|Subject: SMH: Observer sceptical of military's
Date: Sat, 22 May 1999 10:26:52 -0400
From: "John M. Miller" <firstname.lastname@example.org>
Received from Joyo Indonesian News:
Sydney Morning Herald INDONESIA
Observer sceptical of military's neutrality
By MARK DODD, Herald Correspondent in Dili
Indonesia appears to be stalling on its commitment to the United Nations that its security forces will remain "absolutely neutral" in East Timor in the period before an August ballot on self-determination, a senior UN official said yesterday,
"All the reports I receive are not very encouraging," said Mr Soli Sorabjee, head of a visiting UN Commission on Human Rights delegation.
The East Timorese do not see the Indonesian military as neutral, Mr Sorabjee said. "They feel they are biased in favour of the pro-integration groups and support only one point of view."
He thought it was "odd" that there was a multitude of banners strung across many parts of Dili advocating autonomy with Indonesia, but none supporting independence.
Referring to recent incidents of militia violence in East Timor, Mr Sorabjee said he had noted that most of the casualties so far were pro-independence supporters.
"I'm not here as a judge. I'm not here as a policeman. I am only here to assess the situation after I get all the facts from various sources."
Mr Sorabjee, a former attorney-general of India and vice-president of the Commonwealth Lawyers Association, said he was concerned about recent threatening statements issued by pro-Indonesian groups in East Timor.
"These statements are very provocative, almost threatening the people who vote for pro-independence with dire consequences. There is no action taken against them and that is rather disturbing."
He was also alarmed that no action had been taken by Indonesian security forces to disarm the militias.
Under the May 5 East Timor accords signed by Portugal and Indonesia all militia activity is supposed to be banned. East Timorese will vote in a UN-organised ballot on August 7 for either autonomy within Indonesia or outright independence.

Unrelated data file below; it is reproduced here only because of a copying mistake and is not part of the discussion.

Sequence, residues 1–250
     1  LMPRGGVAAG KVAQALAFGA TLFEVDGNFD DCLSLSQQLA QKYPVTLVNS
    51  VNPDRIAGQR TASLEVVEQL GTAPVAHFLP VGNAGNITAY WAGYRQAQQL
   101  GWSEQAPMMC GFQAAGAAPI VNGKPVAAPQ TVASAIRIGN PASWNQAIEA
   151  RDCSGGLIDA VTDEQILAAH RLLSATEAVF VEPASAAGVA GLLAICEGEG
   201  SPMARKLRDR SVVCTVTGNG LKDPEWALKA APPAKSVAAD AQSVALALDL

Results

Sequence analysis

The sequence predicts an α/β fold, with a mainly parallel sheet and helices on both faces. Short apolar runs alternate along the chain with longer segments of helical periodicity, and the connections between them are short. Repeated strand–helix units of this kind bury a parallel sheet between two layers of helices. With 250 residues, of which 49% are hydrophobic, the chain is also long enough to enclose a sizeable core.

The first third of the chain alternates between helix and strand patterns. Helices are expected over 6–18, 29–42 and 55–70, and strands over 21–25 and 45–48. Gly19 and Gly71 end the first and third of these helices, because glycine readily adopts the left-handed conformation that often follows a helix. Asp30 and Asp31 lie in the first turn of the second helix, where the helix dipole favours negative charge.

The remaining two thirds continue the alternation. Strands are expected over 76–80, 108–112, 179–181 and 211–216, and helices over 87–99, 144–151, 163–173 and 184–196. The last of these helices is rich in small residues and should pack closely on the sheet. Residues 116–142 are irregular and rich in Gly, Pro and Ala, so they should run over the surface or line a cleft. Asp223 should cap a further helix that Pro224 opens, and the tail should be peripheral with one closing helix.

"If the law in Indonesia is that you cannot carry any weapons and that is breaking the law, I do not see any difficulty in apprehending those who break the law in front of the police and the military," Mr Sorabjee said in a reference to the impunity of the army-backed paramilitaries.
Mr Sorabjee is the second senior UN official to criticise the current human rights situation in East Timor. The spokesman for the UN's East Timor mission, Mr David Wimhurst, protested at contradictory Indonesian explanations for a militia massacre in Atara village last Sunday in which at least six unarmed civilians were killed while they prepared to attend Mass.
UN officials and local human rights workers have been prevented from reaching Atara, about 100 kilometres south of Dili, by militia roadblocks. They fear the death toll could be much higher than so far confirmed.
"We expect from the Indonesian authorities a full accounting of the situation so that events can be clarified," Mr Wimhurst said yesterday.
He also expressed concern over threats to local staff hired by the UN to work in Dili. They have been accused of being independence supporters.
"People who have been recruited by us have come under threat. Their lives have been threatened and their families' lives threatened. For us that is intimidation and is completely unacceptable," he said.